Saturday, August 07, 2004


Greenies don't want their scenery disturbed

"In ecologically minded New England, it was the gusty dream of energy officials and environmentalists: Windmills were going to help the region reduce its dependence on pollution-spewing power plants. But seven years after the region's first commercial wind farm was built, it is becoming clear that wind power faces a hard road here, partly because of environmentalists themselves. Last year was a near record year for commercial windmill installations nationwide, with enough built to power almost 500,000 residences, yet not one went on line in New England. Wind farms have gone up in Texas, California, and Wyoming, but in Massachusetts the only commercial wind farm is Searsburg's 11 turbines, which went up in 1997.

"I hoped way back when because of the stronger environmental consciousness here it would be an easier place to locate" turbines, said Tom Gray, deputy executive director of the American Wind Energy Association. "The irony I did not foresee is that it would be more difficult." At least eight proposed windmill farms in New England are meeting sharp opposition. While much of the resistance is coming from neighbors, environmental concerns are also holding up some plans, including one that would add 20 to 30 turbines to an existing wind farm on a mountain ridge here.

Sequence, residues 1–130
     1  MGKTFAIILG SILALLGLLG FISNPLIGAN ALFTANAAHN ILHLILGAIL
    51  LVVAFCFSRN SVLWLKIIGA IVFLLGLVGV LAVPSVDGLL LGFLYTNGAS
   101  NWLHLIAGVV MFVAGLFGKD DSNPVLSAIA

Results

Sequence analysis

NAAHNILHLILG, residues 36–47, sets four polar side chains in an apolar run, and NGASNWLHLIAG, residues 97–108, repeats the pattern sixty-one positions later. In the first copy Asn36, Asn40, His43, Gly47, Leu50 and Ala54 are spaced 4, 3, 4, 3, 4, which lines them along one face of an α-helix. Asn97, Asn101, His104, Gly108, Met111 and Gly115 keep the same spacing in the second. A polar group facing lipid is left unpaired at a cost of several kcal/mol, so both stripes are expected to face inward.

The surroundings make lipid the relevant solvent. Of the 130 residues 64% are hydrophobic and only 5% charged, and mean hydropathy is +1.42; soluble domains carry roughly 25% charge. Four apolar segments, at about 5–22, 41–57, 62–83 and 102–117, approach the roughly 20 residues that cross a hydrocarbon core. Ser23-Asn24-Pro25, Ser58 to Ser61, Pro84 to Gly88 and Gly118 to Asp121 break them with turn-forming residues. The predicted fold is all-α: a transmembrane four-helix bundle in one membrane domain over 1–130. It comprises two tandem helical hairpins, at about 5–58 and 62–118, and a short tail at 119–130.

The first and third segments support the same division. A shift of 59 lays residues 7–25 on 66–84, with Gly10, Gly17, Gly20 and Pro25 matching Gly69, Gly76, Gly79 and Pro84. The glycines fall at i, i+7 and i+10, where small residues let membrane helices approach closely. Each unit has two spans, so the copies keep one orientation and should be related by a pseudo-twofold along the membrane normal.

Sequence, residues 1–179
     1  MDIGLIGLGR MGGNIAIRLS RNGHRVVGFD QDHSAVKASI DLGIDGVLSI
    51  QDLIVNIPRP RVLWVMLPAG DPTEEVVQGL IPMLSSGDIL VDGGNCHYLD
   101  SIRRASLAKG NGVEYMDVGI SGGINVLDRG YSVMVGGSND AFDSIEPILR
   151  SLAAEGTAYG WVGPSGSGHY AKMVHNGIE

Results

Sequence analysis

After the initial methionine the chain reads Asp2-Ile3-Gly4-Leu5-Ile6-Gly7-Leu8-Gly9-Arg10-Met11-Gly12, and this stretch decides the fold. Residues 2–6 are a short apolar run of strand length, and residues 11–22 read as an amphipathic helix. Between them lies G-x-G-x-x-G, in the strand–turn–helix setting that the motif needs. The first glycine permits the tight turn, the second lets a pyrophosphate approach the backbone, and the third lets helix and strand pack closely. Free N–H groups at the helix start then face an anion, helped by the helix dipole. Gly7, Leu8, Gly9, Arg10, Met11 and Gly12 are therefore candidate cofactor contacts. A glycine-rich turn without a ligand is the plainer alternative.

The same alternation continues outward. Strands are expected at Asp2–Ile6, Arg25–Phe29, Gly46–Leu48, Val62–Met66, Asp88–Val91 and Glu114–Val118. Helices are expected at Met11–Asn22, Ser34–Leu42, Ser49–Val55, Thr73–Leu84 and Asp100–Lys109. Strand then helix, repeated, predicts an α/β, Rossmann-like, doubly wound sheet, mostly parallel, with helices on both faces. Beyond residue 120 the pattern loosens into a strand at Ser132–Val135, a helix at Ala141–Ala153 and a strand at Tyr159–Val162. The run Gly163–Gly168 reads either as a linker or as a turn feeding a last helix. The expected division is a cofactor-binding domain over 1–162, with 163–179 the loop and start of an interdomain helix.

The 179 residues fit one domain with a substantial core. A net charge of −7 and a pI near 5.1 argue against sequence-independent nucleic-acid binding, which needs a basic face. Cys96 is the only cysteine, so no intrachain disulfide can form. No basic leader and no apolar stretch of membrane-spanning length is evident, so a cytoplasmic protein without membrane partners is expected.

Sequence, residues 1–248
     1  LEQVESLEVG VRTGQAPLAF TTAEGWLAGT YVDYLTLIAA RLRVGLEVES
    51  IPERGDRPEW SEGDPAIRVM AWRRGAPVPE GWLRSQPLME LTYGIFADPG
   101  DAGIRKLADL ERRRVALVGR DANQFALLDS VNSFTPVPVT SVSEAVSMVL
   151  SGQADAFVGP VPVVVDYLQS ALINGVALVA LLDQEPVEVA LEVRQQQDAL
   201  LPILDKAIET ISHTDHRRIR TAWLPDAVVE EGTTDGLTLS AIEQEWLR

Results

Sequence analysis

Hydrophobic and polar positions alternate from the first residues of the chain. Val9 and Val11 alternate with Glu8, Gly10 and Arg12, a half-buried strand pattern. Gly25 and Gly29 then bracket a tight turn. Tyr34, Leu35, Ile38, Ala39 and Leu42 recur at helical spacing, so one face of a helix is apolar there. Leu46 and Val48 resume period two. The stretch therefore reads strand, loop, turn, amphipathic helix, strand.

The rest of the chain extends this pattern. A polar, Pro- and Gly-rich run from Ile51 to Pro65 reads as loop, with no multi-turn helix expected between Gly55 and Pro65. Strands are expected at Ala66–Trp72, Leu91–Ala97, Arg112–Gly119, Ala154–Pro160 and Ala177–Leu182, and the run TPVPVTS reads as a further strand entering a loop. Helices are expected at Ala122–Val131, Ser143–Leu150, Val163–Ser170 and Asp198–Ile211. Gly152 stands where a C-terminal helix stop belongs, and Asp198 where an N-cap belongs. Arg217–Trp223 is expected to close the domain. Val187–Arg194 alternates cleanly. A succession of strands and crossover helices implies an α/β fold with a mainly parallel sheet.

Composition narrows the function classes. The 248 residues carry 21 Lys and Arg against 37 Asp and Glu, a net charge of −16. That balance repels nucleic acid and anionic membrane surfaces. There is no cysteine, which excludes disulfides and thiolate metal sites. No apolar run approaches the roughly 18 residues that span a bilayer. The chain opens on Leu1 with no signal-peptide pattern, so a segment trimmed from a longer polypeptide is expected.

For environmentalists, the conflict between green power and green land has produced a moral quandary. In the search for the open, windblown spots that make the best sites for turbines, developers are finding that much of the region's land is already spoken for as conservation land, preserved vistas, or the home of protected species. "Two totally separate good things are in tension with each other," said Seth Kaplan of the Conservation Law Foundation, a regional environmental group that is part of a collaborative trying to forge a compromise on the Searsburg expansion.

The most contentious wind farm plan, the 130-turbine proposal in Nantucket Sound, is far enough offshore to enjoy the quiet support of several regional environmental groups, though fishermen and shoreline property owners largely oppose it. But inland, where most wind farms are proposed, the conflict among environmentalists is becoming acute, as wind farms are proposed in places or near species these groups fought so hard to protect over the years....

And in Vermont's remote Northeast Kingdom, an East Haven wind farm proposal is bumping into conservationists' visions of untouched forest tracts and mountain ridges.....


"The universal rationale for this massive public commitment to wind power is that it is environmentally benign. But wind power has at least one major environmental problem -- the massive destruction of bird populations -- that has begun to draw serious concern from mainstream environmentalists.